We took temperature readings on the asphalt, the bed of a truck, inside a car with the windows cracked open and inside of a car with the windows completely closed. Outside it was 95 degrees Fahrenheit.
Soaring temperatures can mean big trouble for animals. Heat-related problems are some of the most common issues of summertime ailments. We are sure all our pet parents have heard this before, but it is vitally important to be aware of what heat can do to our loved ones!
Did you know that the temperature in a car can rise almost 20 degrees in 10 minutes? In 20 minutes it can rise up to another 30 degrees! That’s too hot for us humans let along a dog. Humans have sweat glands that allow us to keep our bodies cool by sweating. Dogs can only sweat from the pads of their paws and pant to cool their body temperature. To us humans, that would be the equivalent to wearing a furred jumpsuit and only being able to sweat from our hands and feet! Sounds horrible right? If a dog has only hot air to breathe they can collapse, suffer brain damage and possibly die of heatstroke. In 10-15 minutes an animal's body temperature can climb from a normal 102.5 to deadly levels.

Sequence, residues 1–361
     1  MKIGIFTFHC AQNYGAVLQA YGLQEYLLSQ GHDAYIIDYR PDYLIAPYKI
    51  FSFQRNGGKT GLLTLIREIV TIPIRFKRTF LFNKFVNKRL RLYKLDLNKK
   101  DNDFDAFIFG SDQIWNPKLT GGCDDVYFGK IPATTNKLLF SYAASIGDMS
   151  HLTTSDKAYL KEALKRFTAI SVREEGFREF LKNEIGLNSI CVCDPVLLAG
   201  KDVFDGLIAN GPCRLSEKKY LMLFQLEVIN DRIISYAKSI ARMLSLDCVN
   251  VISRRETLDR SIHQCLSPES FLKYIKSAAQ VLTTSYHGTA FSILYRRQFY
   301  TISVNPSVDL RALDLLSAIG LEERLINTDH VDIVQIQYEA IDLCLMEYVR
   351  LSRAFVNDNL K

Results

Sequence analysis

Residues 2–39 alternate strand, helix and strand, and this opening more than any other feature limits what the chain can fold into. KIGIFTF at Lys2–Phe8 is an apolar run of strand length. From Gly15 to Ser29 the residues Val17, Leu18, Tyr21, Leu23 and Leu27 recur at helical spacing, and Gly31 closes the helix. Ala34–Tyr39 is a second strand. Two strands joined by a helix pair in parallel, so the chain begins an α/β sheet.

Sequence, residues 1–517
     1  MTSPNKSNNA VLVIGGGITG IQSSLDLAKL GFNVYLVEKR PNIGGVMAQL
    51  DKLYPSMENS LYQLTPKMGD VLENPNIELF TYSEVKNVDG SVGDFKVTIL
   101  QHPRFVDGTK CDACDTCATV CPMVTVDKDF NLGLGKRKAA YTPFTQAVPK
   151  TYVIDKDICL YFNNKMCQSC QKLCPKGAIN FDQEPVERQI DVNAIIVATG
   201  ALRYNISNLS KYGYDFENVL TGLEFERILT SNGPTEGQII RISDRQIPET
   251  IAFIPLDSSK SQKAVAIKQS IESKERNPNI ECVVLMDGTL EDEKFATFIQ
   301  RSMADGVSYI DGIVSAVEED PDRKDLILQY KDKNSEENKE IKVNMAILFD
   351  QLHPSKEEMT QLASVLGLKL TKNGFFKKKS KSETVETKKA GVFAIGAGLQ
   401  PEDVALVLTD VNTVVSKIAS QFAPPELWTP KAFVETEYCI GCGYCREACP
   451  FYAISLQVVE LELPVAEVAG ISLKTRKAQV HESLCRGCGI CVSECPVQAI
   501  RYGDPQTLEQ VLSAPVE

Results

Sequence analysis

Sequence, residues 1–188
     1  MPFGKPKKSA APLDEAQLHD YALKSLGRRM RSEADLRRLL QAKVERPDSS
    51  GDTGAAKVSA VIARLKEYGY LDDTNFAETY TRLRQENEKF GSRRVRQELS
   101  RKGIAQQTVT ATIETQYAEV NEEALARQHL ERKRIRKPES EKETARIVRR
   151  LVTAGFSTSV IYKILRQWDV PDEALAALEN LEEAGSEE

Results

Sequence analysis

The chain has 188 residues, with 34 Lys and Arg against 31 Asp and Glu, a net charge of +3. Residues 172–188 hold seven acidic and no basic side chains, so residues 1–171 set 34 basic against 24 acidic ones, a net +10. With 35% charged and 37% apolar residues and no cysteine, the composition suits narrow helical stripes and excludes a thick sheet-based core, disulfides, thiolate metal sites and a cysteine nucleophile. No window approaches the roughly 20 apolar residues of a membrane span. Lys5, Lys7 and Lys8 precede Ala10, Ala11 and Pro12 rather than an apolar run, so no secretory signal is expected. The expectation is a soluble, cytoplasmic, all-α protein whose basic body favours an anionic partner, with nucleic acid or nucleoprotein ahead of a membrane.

Following are signs to look for if your pet is suffering from the heat: restlessness, excessive panting, vomiting, diarrhea, fatigue and immobility. As the situation progresses the animal's gums may turn brick red or even purple or blue. If you think your pet is suffering from any of these ailments take them to the veterinarian immediately! Suffering from heat-related illness is not only painful but can be very, very deadly.
The best thing to do is to avoid the heat of the day altogether. Stay at home and certainly do not take your dog for a walk. The best time for outdoor activities with your dog is dawn or dusk when the ambient and surface temperatures have cooled.